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Published by: antitrusthall on Mar 29, 2011
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Carl Eller, Priest Holmes, ObafemiAyanbadejo, and Ryan Collins,individually, and on behalf of all otherssimilarly situated,Plaintiffs,v.National Football League, ArizonaCardinals, Inc., Atlanta Falcons FootballClub LLC, Baltimore Ravens LimitedPartnership, Buffalo Bills, Inc., PanthersFootball LLC, Chicago Bears FootballClub, Inc., Cincinnati Bengals, Inc.,Cleveland Browns LLC, Dallas CowboysFootball Club, Ltd., Denver BroncosFootball Club, Detroit Lions, Inc., GreenBay Packers, Inc., Houston NFL HoldingsLP, Indianapolis Colts, Inc., JacksonvilleJaguars Ltd., Kansas City Chiefs FootballClub, Inc., Miami Dolphins, Ltd.,Minnesota Vikings Football Club LLC,New England Patriots, LP, New OrleansLouisiana Saints, LLC, New York FootballGiants, Inc., New York Jets Football Club,Inc., Oakland Raiders LP, PhiladelphiaEagles Football Club, Inc., PittsburghSteelers Sports, Inc., San Diego ChargersFootball Co., San Francisco Forty NinersLtd., Football Northwest LLC, The RamsFootball Co. LLC, Buccaneers LimitedPartnership, Tennessee Football, Inc.,Washington Football Inc.Defendants.---------------------------------------------------xCivil Action No:CLASS ACTION COMPLAINT
CASE 0:11-cv-00748-RHK -JSM Document 1 Filed 03/28/11 Page 1 of 45
This class action is brought to enjoin violations by each defendant of the federal antitrust laws and for declaratory relief as described below. Plaintiffs areformer professional football players who played with the National Football League(“NFL”).
The Defendants are the NFL and its 32 member teams. Although theNFL might be viewed as a type of joint venture, The United States Supreme Court heldlast year in
American Needle, Inc. v. NFL
, 130 S.Ct. 2201, 2212-13 (2010) that eachmember team is legally capable of conspiring with other member teams in violation of the antitrust laws:The NFL teams do not possess either the unitarydecisionmaking quality or the single aggregation of economicpower characteristic of independent action. Each of the teamsis a substantial, independently owned, and independentlymanaged business. “[T]heir general corporate actions areguided or determined” by “separate corporateconsciousnesses,” and “[t]heir objectives are” not “common.”... The teams compete with one another, not only on theplaying field, but to attract fans, for gate receipts and forcontracts with managerial and playing personnel.3.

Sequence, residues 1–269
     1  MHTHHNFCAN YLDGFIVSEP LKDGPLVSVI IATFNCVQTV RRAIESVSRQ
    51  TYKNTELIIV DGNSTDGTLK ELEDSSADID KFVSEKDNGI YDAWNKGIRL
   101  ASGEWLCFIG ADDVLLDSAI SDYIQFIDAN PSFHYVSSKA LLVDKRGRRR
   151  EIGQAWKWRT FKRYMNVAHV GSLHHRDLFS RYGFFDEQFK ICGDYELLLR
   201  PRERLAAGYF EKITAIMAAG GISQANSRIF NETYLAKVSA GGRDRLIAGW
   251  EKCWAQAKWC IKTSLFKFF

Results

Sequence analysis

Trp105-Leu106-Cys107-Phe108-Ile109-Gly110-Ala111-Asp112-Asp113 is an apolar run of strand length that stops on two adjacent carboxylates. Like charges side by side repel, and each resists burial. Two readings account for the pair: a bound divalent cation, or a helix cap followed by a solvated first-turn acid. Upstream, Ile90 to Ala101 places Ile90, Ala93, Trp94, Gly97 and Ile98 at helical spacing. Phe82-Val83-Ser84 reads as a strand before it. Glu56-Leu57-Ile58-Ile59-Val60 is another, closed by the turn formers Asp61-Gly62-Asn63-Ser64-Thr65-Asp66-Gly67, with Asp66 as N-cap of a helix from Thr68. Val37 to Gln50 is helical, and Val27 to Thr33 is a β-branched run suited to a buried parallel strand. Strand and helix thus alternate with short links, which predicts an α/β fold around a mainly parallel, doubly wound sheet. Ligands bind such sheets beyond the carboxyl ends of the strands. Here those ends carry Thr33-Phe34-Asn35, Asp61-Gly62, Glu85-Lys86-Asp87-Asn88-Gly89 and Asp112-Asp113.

The NFL is also an adjudicated monopolist that acquired itsmonopoly power in the market for professional football in violation of Section 2 of theSherman Act (15 U.S.C. §2). Thus, in
United States Football League v. NFL
, 644 F.Supp. 1040, 1057-58 (S.D.N.Y. 1986),
, 842 F.2d 1335 (2d Cir. 1988) (“
”), thecourt upheld jury determinations that (a) the NFL held monopoly power in theprofessional football market, receiving 95% of the revenues from major league
CASE 0:11-cv-00748-RHK -JSM Document 1 Filed 03/28/11 Page 2 of 45
professional football and (b) it had acquired that power through “predatory conduct.”These findings have been given collateral estoppel effect in subsequent antitrust casesagainst the NFL.
McNeil v. NFL
, 790 F.Supp. 871, 889-96 (D. Minn. 1992)(“
McNeil II 
”). Those findings are entitled to similar effect in this case.4.
The NFL has also been determined to have abused its dominantposition in the market for professional football services, which is the relevant market atissue in this case. For example, in
Mackey v. NFL
, 543 F.2d 606 (8th Cir. 1976),
, 434 U.S. 801 (1977) (“
”), the issue was the validity of the “RozelleRule,” which decreed that when a football player’s contract with an NFL club expiredand he moved to a different club, his present employer had to provide compensation tohis former employer, with the NFL Commissioner resolving any dispute. The UnitedStates Court of Appeals for the Eighth Circuit upheld the district court’s determination of liability after a 55-day trial. The appellate court found that the relevant market was onefor professional football services (
. at 617-18) and that the “Rozelle Rule, as enforced,unreasonably restrains trade in violation of §1 of the Sherman Act” (
. at 622).5.
Likewise, it has been determined that the NFL’s College Draft“cannot be regarded as ‘reasonable’ under the antitrust laws.”
Smith v. Pro-Football
, 420F. Supp. 738, 747 (D.D.C. 1976),
aff’d in part and rev’d in part on other grounds
, 593F.2d 1173 (D.C. Cir. 1978) (“
”). This determination as well is entitled to collateralestoppels effect here.6.
Similarly, after a ten-week trial, a jury in another case held that theNFL’s conspiratorial Right of First Refusal/Compensation rules (known as “Plan B”
CASE 0:11-cv-00748-RHK -JSM Document 1 Filed 03/28/11 Page 3 of 45

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